Zimbabwe and Sri Lanka are in prime position to clinch the final two qualifying spots for this year’s World Cup, while two-time winners the West Indies risk missing the tournament for the first time.
With four wins from four group matches, hosts Zimbabwe and former champions Sri Lanka head into the decisive Super Six stage of the qualifiers with four points apiece – carrying over the rewards earned for beating the teams that also advanced from the first round.
Backed by strong batting displays, which included making a national record 408-6 against the USA, Zimbabwe will be confident the runs will continue to flow as the stakes mount from Thursday.
“We have found our momentum and we are looking forward to carrying it,” said Sean Williams, who scored 174 in Monday’s 304-run rout of the USA.
Williams is comfortably the top run-scorer with 390, hitting an unbeaten century against Nepal and following it up with 91 against the Netherlands.
Craig Ervine and Sikandar Raza have also struck hundreds, the latter’s off-spin accounting for eight wickets as well to boost an attack spearheaded by left-arm quick Richard Ngarava.
Zimbabwe will relocate from Harare to Bulawayo for their games against Oman, Sri Lanka and Scotland, but the home support remains in their favour.
“It’s a different venue, and everything about it is different but still having that crowd behind us is always like having a 12th man,” said Williams.
Sri Lanka, world champions in 1996, eased through group play largely untroubled but face a Dutch side on Friday buoyed by their astonishing victory over the West Indies in a super over.
Leg-spinner Wanindu Hasaranga has bagged 18 wickets, emulating Pakistan great Waqar Younis with three consecutive five-wicket hauls in ODIs.
“He’s a champion. Whenever I throw him the ball, he delivers for me,” said Sri Lanka Dasun Shanaka.
While the future looks bright for Zimbabwe and Sri Lanka, the West Indies are in dire straits after successive defeats to the hosts and the Netherlands.
The fallen giants, who won the first two World Cups in 1975 and 1979, realistically need to beat Scotland, Oman and Sri Lanka to stand a chance of qualifying.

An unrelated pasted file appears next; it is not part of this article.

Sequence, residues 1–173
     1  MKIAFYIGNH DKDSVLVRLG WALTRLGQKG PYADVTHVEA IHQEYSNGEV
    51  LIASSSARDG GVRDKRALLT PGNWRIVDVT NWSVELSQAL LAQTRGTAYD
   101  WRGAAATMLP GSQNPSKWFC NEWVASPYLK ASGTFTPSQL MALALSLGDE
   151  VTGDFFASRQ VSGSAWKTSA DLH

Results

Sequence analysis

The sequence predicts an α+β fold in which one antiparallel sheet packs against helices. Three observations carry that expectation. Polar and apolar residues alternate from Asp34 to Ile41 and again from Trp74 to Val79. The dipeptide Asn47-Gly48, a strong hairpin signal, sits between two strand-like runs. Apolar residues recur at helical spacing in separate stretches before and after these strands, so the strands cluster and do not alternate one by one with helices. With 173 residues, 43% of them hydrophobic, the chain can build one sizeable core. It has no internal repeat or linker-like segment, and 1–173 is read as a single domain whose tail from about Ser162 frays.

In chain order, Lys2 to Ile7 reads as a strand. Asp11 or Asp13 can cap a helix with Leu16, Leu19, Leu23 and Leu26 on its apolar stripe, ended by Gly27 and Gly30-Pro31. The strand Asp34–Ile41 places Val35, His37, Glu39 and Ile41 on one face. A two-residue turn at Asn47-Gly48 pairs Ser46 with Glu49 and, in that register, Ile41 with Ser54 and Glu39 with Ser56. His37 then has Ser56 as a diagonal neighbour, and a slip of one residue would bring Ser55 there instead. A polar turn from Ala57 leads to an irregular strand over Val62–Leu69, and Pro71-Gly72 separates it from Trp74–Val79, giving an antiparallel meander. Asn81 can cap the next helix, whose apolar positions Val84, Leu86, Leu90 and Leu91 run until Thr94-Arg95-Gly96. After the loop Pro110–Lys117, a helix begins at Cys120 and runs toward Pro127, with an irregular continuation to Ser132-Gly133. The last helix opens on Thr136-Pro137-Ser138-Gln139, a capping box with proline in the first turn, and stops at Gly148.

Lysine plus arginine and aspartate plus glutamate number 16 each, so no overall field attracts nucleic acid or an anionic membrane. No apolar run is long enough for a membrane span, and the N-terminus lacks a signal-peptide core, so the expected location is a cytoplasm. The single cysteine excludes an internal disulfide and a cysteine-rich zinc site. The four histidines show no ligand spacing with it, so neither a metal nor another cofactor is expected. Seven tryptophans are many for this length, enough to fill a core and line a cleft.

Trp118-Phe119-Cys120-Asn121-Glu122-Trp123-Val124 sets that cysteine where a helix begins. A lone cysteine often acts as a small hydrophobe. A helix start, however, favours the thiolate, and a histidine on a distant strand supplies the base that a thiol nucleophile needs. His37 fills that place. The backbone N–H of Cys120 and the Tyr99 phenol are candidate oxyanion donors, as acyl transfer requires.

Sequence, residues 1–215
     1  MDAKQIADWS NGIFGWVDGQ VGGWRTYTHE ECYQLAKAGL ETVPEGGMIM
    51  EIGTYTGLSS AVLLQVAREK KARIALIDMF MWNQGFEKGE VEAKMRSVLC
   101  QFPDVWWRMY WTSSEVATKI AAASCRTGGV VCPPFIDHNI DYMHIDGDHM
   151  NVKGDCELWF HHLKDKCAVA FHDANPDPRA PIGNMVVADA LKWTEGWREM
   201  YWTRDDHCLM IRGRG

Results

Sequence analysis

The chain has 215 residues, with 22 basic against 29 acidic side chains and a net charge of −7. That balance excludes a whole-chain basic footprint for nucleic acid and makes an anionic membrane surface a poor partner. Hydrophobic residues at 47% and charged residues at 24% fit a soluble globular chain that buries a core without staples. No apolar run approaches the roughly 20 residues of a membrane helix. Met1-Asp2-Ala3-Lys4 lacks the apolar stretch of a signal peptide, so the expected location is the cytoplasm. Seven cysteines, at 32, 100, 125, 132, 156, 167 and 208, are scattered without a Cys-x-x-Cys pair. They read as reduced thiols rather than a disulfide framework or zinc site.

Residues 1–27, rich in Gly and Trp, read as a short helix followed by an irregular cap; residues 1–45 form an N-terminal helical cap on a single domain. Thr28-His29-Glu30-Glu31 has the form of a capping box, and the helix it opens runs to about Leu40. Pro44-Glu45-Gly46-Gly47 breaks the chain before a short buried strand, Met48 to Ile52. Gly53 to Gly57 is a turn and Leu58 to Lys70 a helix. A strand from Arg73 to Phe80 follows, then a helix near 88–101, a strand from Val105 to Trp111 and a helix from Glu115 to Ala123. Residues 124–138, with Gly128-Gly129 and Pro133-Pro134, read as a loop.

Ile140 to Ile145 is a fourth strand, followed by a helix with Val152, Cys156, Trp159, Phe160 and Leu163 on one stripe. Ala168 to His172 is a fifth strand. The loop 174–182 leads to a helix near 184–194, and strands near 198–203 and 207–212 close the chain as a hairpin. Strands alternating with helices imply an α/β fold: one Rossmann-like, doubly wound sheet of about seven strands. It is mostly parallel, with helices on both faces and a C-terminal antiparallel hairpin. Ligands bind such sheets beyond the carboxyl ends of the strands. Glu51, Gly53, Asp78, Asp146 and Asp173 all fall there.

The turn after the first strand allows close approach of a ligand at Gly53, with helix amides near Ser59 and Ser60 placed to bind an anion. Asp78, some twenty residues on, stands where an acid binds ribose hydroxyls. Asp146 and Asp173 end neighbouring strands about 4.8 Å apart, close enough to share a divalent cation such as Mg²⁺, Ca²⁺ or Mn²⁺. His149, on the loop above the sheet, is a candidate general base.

“I understand the journey I have to take with this team,” said coach Daren Sammy, who captained the West Indies to a pair of T20 World Cup titles.
“Sometimes you’ve got to reach rock bottom to come back up. I understand the challenges ahead and I also understand that things will not change overnight.
“It’s a true reflection of where our cricket is at the moment. We have a lot of work to do.”
The Netherlands and Scotland will both start on two points. The Dutch have not featured at the World Cup since 2011 while the Scots missed out four years ago after a controversial lbw decision.
“We’re good enough to compete against the best teams in the world; we’re just getting better,” said Logan van Beek, whose heroics in Monday’s Super Over stunned the West Indies.
“The more we play the best teams, the better we get. And more fun we get, the more players we get, and we deserve to be on that level.”
Rank outsiders Oman complete the Super Six line-up for an event which concludes with the final on 9 July.
Super Six fixtures:
29 June: Zimbabwe vs Oman – Queen’s Sports Club, Bulawayo
30 June: Sri Lanka vs Netherlands – Queen’s Sports Club, Bulawayo
1 July: Scotland vs West Indies – Harare Sports Club
2 July: Zimbabwe vs Sri Lanka – Queen’s Sports Club, Bulawayo
3 July: Netherlands vs Oman – Harare Sports Club
4 July: Zimbabwe vs Scotland – Queen’s Sports Club, Bulawayo
5 July: West Indies vs Oman – Harare Sports Club
6 July: Scotland vs Netherlands – Queen’s Sports Club, Bulawayo
7 July: Sri Lanka vs West Indies – Harare Sports Club
9 July: Final – Harare Sports Club
© Agence France-Presse